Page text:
The Bible is very honest about people. With many of the characters we see in Scripture, we see both good things and bad things. But one of the characters that we are shown only good things would be Stephen. We read about him in Acts 6–8.
He’s introduced to us as a man who is full of faith and the Holy Spirit. He’s full of grace. He’s doing miracles, so he’s a man who’s truly living out the faith he claims, and he’s living it out in boldness.
He’s there, it says, in the Synagogue of the Freedmen—which is a Greek-speaking synagogue—and he’s being challenged. Evidently, Stephen is suggesting that you don’t really need the whole temple system anymore because the true temple has come in Jesus himself. You don’t really need to keep offering sacrifices week-by-week at the temple, and you don’t have to live expecting that you’re going to be saved through your keeping of the law.
The synagogue leaders will have nothing of it. It makes them so mad they take up stones to begin to kill him. We see something here in this disciple Stephen. If you’re like me, you look at him, and you think to yourself, Whoa, that’s the kind of disciple I want to be. I want to live like Stephen. This is the way all of us want to live and die. We want to live full of faith and the Holy Spirit.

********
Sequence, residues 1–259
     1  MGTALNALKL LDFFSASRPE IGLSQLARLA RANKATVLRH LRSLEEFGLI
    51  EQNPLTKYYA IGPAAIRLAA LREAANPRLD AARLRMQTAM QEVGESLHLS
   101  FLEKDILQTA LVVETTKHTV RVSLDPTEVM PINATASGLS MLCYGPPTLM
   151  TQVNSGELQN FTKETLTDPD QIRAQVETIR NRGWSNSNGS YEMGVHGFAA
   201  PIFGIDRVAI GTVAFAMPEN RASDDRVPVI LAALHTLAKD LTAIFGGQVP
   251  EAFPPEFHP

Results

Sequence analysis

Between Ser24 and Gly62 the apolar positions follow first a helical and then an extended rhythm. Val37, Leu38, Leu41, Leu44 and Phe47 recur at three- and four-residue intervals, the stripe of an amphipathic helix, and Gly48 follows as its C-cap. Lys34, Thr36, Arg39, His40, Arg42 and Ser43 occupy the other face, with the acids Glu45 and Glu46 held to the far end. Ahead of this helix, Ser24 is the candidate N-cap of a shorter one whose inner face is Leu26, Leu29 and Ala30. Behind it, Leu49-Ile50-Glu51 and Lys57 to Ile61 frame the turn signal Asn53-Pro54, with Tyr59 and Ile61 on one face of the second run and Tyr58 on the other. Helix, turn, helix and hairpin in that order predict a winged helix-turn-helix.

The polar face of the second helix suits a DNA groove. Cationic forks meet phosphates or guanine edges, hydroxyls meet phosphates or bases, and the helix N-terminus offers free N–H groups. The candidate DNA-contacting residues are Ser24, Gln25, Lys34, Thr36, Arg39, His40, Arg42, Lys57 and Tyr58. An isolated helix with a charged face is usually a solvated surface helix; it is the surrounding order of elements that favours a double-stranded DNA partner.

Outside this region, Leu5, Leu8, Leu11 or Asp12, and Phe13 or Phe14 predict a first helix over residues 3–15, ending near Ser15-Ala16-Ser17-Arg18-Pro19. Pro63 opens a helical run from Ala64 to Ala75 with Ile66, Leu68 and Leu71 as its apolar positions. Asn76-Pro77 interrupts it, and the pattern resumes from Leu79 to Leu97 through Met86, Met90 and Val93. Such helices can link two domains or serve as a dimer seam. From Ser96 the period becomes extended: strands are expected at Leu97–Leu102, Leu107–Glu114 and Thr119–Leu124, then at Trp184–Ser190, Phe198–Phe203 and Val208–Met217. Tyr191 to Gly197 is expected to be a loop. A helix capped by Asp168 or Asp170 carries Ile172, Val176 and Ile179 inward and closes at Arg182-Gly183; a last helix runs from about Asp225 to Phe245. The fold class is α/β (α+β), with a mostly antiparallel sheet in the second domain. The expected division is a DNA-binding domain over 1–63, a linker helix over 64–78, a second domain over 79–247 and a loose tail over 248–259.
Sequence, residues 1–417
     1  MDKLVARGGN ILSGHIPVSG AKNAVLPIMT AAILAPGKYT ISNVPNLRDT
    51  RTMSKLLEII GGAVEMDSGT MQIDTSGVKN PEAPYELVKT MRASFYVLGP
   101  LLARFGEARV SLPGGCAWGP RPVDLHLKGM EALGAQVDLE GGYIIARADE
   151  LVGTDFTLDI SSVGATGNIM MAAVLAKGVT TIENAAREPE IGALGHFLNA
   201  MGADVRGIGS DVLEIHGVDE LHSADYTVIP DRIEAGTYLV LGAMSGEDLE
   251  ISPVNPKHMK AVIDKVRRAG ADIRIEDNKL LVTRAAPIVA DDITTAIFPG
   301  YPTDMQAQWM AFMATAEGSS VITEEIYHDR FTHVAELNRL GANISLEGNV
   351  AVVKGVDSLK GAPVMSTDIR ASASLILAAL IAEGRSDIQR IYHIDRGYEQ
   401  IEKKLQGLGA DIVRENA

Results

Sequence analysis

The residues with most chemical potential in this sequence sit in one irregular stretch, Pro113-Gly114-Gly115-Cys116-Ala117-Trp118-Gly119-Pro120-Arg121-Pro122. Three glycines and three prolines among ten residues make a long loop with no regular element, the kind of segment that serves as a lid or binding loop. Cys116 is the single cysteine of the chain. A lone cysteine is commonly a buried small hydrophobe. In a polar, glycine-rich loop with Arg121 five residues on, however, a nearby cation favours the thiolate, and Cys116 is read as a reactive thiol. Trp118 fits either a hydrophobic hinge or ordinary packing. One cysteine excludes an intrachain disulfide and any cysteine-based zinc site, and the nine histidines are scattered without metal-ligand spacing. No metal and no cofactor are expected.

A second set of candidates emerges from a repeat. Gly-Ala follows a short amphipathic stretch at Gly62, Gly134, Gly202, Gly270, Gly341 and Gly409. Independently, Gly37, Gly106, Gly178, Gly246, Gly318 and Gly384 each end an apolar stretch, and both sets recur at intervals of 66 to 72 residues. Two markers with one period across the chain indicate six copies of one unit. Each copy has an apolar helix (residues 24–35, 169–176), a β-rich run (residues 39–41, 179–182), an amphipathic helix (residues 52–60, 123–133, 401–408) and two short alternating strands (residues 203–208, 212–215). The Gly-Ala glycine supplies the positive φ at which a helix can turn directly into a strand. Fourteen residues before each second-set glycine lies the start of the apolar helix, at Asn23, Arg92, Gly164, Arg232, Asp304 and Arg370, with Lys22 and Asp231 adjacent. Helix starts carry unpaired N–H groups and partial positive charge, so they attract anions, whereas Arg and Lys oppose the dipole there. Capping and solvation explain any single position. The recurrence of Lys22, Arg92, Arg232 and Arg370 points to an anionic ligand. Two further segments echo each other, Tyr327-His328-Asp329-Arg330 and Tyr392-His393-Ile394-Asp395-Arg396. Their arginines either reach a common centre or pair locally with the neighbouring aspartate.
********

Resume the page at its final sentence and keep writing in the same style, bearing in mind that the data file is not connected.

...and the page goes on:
But at the end of this story, I think to myself, I want to die like Stephen. Similar to his Master—at the very end of his life, even though he’s being treated so cruelly—Stephen is asking that those who are treating him that way would be forgiven. He’s also similar to his Master, Jesus, at the end of his life in the last words we hear him say when heaven is opened up and he can see Jesus at the right hand of God. Jesus is standing there advocating for him, and Stephen is able to say, Into your hands I commit my spirit.
This is the way all of us want to live and die. We want to live full of faith and the Holy Spirit. We want to live boldly, preaching the gospel; and then we want to die in confidence that when we take our last breath here, our next breath will be taken in his presence.